In October, the Supreme Court of Canada released its much anticipated decision in Cuthbertson v. Rasouli (“Rasouli”).[1]  In Rasouli, the Court was asked to determine whether the statutory framework governing consent to medical treatment in Ontario applied to a decision to withdraw life support.  Specifically, the physicians of Mr. Rasouli, the patient at issue in this case, took the position the withdrawal of his life support did not constitute “treatment” for the purposes of Ontario’s Health Care Consent Act (“HCCA”) and, on that basis, consent was not required.[2]  However, in a 5-2 split, the majority of the Supreme Court disagreed with this position and ultimately held that the HCCA applied to this scenario, with the consequence being that consent had to be obtained.  Further, because the HCCA regime applies, any dispute regarding consent is to be addressed by the Consent and Capacity Board.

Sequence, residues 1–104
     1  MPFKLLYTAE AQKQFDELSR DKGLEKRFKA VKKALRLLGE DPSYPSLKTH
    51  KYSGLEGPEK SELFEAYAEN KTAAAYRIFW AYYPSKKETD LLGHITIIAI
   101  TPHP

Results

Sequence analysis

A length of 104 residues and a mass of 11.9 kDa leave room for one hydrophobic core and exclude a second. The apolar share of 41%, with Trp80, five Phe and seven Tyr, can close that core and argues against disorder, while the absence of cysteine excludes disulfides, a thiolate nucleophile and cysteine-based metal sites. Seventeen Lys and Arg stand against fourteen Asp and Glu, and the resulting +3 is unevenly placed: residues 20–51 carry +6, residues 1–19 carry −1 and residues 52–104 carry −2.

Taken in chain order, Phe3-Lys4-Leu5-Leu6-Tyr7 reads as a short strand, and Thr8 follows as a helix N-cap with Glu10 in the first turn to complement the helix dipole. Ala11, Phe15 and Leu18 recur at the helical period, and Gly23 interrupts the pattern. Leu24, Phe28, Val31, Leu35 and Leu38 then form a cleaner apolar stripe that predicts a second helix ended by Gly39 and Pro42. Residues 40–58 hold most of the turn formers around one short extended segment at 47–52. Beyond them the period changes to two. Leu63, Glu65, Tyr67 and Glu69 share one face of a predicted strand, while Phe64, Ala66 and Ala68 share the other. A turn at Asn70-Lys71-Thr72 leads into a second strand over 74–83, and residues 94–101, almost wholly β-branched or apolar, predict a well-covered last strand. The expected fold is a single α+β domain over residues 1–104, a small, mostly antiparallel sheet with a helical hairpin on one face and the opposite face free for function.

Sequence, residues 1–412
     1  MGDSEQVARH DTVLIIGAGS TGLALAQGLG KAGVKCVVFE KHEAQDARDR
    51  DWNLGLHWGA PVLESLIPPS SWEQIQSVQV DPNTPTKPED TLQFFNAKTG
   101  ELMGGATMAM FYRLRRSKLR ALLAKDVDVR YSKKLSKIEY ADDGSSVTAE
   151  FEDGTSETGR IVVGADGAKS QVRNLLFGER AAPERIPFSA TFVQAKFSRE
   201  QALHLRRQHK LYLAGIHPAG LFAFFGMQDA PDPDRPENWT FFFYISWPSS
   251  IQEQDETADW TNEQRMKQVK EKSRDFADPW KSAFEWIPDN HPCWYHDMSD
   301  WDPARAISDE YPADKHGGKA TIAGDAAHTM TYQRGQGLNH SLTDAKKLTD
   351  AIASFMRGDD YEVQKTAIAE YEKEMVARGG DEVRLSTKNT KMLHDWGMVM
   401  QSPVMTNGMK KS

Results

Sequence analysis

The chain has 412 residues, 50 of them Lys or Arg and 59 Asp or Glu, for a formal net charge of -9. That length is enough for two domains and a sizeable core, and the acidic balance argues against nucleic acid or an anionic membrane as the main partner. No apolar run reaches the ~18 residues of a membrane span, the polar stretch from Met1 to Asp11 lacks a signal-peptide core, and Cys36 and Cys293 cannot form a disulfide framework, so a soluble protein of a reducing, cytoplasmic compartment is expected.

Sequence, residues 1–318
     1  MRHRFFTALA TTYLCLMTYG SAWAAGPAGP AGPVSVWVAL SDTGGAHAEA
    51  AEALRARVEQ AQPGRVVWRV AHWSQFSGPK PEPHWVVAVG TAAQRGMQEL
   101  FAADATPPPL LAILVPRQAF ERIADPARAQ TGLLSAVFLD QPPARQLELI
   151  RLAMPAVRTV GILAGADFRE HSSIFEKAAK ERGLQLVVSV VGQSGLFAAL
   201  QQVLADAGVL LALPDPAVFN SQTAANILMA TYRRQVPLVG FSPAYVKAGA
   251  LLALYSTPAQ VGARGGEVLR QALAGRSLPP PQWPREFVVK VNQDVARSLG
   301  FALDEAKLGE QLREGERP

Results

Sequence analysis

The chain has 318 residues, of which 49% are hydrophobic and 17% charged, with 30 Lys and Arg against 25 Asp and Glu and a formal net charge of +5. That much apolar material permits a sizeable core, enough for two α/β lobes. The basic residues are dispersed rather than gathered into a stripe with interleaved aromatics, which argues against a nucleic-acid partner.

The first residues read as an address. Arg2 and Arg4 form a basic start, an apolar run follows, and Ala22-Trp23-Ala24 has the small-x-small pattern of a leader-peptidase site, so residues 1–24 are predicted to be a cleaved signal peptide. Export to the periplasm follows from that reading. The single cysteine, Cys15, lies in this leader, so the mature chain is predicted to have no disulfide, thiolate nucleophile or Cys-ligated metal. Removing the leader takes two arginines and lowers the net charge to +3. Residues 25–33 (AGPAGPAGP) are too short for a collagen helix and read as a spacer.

This case was commenced by Parichehr Salasel regarding medical care being provided to her husband, Hassan Rasouli.  In October 2010, following surgery, Mr. Rasouli developed an infection that led to severe brain damage.  He had been unconscious and on life support since that time.  After exhausting all treatment options, Mr. Rasouli’s physicians concluded that Mr. Rasouli is in a persistent vegetative state with no hope for medical recovery.  Accordingly, they believed that continuing to provide life support to him would not yield any medical benefit and may, in fact, cause Mr. Rasouli harm.  On that basis, they recommended to Ms. Salasel that her husband be removed from life support and provided with only palliative care.